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shamapant (< 20)

How do bond yields effect fundamentals?



December 07, 2011 – Comments (3)

Looking at ATP Oil and Gas Corp, here is an excerpt from a 'plunged' fool article:

"In the third quarter, production averaged 24,000 barrels of crude, down from 31,000 in August, and a pair of the company's wells have slowed production. The lower production has sent ATP's bond yields skyrocketing, a major problem for a company that has $2 billion in long-term debt."

-I can see that maybe this lower production is a fundamental problem, but the increase in ATP's bond yields is simply because of investor fear right? Rising ATP bond yields should incur no higher interest expenses for ATP because the rise in yields is due to lower prices rather than higher payouts....I feel like I am misunderstanding some crucial bond concept, so I need your help here.



3 Comments – Post Your Own

#1) On December 07, 2011 at 8:57 PM, rd80 (95.06) wrote:

Assuming the debt is fixed rate bonds, you are correct - the higher bond yield is due to the reduction in bond price in the market and would not change the coupon payments ATPG is making (same coupon, lower price = higher yield), which means ATP's cash flow isn't affected.

The major problem is if ATP needs to issue new bonds or roll over a maturing issue since any new issues would carry the higher borrowing costs.

This particular one is a bit confusing.  The Balance Sheet in the latest 10Q shows just under $2 billion in debt.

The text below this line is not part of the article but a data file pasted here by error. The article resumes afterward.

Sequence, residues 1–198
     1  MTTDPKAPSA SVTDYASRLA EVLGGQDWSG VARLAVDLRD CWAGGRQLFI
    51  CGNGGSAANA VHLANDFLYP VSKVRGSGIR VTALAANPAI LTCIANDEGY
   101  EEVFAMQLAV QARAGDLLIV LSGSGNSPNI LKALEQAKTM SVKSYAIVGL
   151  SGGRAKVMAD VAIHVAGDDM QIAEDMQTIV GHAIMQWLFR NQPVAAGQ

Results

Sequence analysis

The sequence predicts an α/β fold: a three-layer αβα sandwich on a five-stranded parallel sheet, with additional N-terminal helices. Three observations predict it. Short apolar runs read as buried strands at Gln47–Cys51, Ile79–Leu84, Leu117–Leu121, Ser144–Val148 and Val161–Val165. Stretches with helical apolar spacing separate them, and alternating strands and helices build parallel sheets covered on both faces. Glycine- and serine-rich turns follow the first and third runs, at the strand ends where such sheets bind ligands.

FINRA shows two bond issues for ATPG at $1.5 billion each.  One of them shows a last trade in Jan '11, so that may have been called or something.  In any event, both mature in 2015 , both carry11.875% coupon rates and both are shown with CCC- S&P ratings; deep in junk territory.  The one that's still trading shows a yield of a little over 27%.  Great deal if the FINRA quote is correct and if the debt doesn't end up being restructured.  Not all the company's long term debt will be quoted on FINRA, some could be bank loans or privately held.

No postion in ATPG or its bonds.

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#2) On December 08, 2011 at 12:15 PM, outoffocus (23.81) wrote:

On the other hand, depending on the bond covenants, if investors drove down the price in panic (rather than fundamentals) and the company has some extra cash, they may be able to call some of the bonds back at the lower price and possibly retire some of their debt at a discount.  So it could either hurt them or help them.

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#3) On December 08, 2011 at 8:23 PM, buffalonate (48.15) wrote:

Bond yields are purely a function of risk.  If they company is seen as more risky then the yield they will have to pay on new bonds will rise.  That fear can also push down the price of existing bonds so people can buy the bonds at a discount to face value.

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